Power of Ten 7/13/17: David Lipman, War Hero & “Living Landmark” of ER Dies at 95

Steve White of Power of Ten posted the following note about East Ramapo resident and Spring Valley HS graduate David Lipman:

Power of Ten

Special Edition:

David Lipman, Spring Valley HS class of 1939, passed away Wednesday at the age of 95.

He was honored in 2016 by the Rockland County Historical Society as a “Living Landmark”. David served as a Corporal in WWII, earning a Bronze Star while doing dangerous missions and being tortured by the Nazis. His story was featured in the local Newspaper “Our Town” by writer Mark Judelson.

David came to a meeting of the East Ramapo school board in September 2015. He delivered the following speech, here reproduced in full, in honor of his memory.

My name is David Lipman, Spring Valley High School, Class of 1939, from the original location on South Main St. Like many of my classmates, I went on to college; I became a professional engineer. Others became doctors, lawyers, teachers, police officers, artists, musicians. One became an actor, with an engineering degree to fall back on. Why? Because we were well EDUCATED. We were given solid foundations in all subjects.

During WWII, we set aside our studies and our lives to go and fight for the freedom of other people. I came home with a Bronze Star and permanently damaged shoulders from the tender care of the Gestapo. One of my brothers, Walter, sacrificed himself in the Pacific Theater to save his air crew. There’s a local Jewish War Veteran’s post named after him, you can look him up. As part of my service I was present at Concentration Camp Dora. There, I saw horrible, unimaginable things; things that do not belong in this room with children.

Then I came home, finished college, raised my family and sent my children to SVHS. My son, Walter is Class of 1972, and my daughter Ruth, 1976. Again, the Lipman family was well served by their excellent public school education. Both my children are professionals, and have a love of learning and reading, with inquisitive minds. Many of their classmates are likewise.

Now, I see what has become of this once fine school system, and I am appalled. I see that the perpetrators of this are largely my own people; people who were the subject of those unspeakable horrors at Dora and places like Dora. Is this how you repay the community to which you came? Is this why the people of this community fought and died- so that 70 years later, you could grind under your heel their grandchildren, as well as the next group of downtrodden immigrants?

I seem to recall two principles from my religious education; one, that we are enjoined to make THE world a better place, not just OUR world; and two, that we were strangers once, enslaved in Egypt. The Torah tells us that we have an OBLIGATION to the stranger- the Gentile- at least three times: Exodus 22:21, Leviticus 19:34 and Deuteronomy 10:19. And yet, this is not what I see. Instead of honey, we have poured bitter herbs on the books of these children, if they have books at all! This defames the memory of both the people of this community who died fighting against the enslavement and horrors of the Holocaust, and those who were its victims. You who are its survivors have a great obligation which you are failing to uphold.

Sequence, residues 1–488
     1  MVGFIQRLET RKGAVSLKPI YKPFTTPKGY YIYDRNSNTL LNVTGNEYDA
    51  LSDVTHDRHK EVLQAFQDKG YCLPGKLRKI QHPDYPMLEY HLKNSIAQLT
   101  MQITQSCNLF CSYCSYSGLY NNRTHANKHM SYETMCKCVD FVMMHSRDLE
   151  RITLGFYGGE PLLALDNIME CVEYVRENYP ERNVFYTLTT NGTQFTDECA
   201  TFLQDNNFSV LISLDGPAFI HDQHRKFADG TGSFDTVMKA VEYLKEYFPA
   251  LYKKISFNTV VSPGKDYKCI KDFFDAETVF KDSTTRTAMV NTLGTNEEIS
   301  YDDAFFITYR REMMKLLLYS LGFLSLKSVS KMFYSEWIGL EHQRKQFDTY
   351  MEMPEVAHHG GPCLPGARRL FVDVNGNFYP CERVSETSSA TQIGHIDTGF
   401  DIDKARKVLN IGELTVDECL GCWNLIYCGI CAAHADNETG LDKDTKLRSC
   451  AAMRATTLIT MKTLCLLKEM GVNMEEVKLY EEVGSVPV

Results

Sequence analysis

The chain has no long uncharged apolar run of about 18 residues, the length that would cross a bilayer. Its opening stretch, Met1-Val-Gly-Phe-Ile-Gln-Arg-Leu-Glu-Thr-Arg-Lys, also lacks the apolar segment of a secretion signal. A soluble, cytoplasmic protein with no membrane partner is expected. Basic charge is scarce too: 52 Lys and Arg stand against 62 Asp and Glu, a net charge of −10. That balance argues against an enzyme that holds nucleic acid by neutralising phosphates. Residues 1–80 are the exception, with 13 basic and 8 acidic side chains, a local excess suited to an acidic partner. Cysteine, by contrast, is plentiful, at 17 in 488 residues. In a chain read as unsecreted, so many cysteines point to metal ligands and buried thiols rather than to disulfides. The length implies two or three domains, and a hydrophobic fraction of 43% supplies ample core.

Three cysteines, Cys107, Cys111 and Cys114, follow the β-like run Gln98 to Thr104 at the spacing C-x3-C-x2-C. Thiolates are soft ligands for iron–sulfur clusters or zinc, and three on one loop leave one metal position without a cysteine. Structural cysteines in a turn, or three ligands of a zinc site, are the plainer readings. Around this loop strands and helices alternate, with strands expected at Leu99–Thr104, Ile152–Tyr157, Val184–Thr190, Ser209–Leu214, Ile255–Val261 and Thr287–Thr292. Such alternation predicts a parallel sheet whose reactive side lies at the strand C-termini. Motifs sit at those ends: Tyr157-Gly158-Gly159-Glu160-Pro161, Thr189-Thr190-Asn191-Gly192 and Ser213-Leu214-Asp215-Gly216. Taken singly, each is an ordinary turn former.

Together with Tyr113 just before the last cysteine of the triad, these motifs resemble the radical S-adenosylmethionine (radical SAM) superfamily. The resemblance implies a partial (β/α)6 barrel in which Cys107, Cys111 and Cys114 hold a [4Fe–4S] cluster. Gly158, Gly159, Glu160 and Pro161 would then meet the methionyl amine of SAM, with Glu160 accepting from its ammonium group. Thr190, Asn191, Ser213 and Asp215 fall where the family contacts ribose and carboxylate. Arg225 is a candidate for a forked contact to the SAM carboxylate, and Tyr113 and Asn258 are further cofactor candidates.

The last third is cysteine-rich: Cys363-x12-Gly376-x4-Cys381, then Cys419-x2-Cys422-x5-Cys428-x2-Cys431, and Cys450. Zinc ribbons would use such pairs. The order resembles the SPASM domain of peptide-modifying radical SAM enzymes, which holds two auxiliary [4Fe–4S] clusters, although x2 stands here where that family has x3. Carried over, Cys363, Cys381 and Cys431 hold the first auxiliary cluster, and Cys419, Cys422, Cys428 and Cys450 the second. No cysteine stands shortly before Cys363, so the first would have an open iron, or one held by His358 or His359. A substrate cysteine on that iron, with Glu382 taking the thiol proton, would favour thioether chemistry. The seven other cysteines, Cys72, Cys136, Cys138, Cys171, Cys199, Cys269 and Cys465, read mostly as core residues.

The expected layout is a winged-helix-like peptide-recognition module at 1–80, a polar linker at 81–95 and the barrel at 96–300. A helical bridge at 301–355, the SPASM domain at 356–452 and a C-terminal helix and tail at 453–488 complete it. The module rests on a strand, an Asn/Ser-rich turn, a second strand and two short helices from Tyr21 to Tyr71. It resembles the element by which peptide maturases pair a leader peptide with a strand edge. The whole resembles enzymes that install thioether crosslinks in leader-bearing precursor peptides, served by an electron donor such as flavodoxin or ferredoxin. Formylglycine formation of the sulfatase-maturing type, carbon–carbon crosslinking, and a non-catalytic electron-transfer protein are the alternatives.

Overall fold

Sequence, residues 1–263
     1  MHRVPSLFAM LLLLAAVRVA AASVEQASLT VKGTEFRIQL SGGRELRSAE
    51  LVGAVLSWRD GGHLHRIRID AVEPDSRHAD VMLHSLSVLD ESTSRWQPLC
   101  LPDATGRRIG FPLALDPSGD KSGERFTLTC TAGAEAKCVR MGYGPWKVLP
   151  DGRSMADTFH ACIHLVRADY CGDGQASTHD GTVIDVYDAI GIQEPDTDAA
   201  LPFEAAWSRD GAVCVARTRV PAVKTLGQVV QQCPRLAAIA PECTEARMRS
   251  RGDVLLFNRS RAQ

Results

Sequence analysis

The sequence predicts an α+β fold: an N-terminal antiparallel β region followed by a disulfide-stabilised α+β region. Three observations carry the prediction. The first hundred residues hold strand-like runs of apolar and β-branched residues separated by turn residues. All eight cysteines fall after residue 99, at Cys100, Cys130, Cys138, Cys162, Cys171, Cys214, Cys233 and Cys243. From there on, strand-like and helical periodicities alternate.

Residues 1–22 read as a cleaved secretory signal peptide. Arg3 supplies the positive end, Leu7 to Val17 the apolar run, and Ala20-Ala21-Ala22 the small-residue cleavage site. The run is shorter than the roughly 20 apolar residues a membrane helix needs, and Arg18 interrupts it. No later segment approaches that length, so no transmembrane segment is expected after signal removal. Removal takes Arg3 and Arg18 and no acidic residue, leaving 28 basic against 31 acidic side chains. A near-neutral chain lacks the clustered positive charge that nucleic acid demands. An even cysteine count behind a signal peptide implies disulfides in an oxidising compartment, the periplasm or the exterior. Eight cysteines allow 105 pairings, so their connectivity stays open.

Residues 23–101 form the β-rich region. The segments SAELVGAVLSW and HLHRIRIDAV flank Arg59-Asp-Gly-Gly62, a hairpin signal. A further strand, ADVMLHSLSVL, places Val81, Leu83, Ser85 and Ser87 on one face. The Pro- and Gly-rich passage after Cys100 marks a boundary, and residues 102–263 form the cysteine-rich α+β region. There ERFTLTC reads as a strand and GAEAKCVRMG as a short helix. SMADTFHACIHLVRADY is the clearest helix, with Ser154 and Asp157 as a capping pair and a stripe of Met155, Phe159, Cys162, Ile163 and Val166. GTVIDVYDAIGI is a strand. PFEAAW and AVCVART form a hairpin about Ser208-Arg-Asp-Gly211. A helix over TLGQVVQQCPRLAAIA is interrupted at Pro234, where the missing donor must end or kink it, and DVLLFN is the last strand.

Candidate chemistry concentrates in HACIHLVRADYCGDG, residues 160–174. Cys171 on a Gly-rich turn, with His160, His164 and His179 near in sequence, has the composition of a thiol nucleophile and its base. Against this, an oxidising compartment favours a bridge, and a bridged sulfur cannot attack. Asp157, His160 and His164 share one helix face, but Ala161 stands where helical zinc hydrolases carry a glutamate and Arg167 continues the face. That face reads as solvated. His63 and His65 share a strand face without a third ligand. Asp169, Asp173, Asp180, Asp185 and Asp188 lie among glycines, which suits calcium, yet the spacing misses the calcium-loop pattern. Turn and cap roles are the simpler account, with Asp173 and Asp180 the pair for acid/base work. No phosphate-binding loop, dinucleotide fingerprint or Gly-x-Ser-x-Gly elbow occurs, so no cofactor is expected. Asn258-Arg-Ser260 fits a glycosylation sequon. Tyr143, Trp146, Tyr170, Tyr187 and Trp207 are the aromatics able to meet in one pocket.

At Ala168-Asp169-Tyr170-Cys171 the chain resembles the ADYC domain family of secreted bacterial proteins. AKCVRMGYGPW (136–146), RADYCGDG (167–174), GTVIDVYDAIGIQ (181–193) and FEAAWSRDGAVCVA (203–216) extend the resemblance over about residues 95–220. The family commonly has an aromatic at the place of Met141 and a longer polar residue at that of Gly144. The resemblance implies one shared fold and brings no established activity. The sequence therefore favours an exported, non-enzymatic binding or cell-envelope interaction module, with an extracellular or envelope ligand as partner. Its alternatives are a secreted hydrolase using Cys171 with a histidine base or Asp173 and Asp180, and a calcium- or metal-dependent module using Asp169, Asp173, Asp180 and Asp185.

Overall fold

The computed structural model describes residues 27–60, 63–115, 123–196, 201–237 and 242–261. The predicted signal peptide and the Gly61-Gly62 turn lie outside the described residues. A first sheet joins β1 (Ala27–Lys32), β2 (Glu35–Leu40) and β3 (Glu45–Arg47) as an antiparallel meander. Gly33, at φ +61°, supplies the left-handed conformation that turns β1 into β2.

It will take far more than 11 days of repentance to expiate this sin.

This American Life 7/17: Updated Version of Not So Simple Majority Re-broadcasted

The original of Not So Simple Majority about the East Ramapo public schools broadcast on the public radio show This American Life a couple of years ago.  That broadcast was listened to by many, many people across the US.   An updated version of that show was rebroadcasted recently.  It can be listened to online here:


Medium 6/27/17: A Mother’s Plea to Mayor de Blasio re Yeshivas

A Mother’s Plea to Mayor de Blasio:

My Son Deserves An Education!

Dear Mr. de Blasio,

I am writing to you as a desperate mother, urging you to address a serious human rights violation happening under your watch. We live in a wonderful city, one of the most progressive and diverse in the world, with a fantastic education system for many. And yet, here I am, a mother of a boy attending middle school, and I am worried sick about the poor quality education he is receiving. I am begging you to do something to ensure that he receives an education in English, math, science, and social studies, as mandated by law.

My son is eleven years old. He attends a Hasidic boys’ yeshiva from 9 in the morning until 5:30 in the evening. You would think, with all the hours he spends in school, he would have enough time to receive both an adequate religious and secular education. This could not be farther from the truth.

His yeshiva teaches almost exclusively Judaic studies. Only 90 minutes are dedicated to secular studies, and only four days a week, and only in the subjects English and math. In his school, my son never learns about other cultures and religions or even about the history of slavery here in America. He is offered no lessons in basic science or in other core subjects. Furthermore, because secular studies take place at the end of a long and tiring school day, many of the boys, including my son, have difficulty paying attention.

Read more…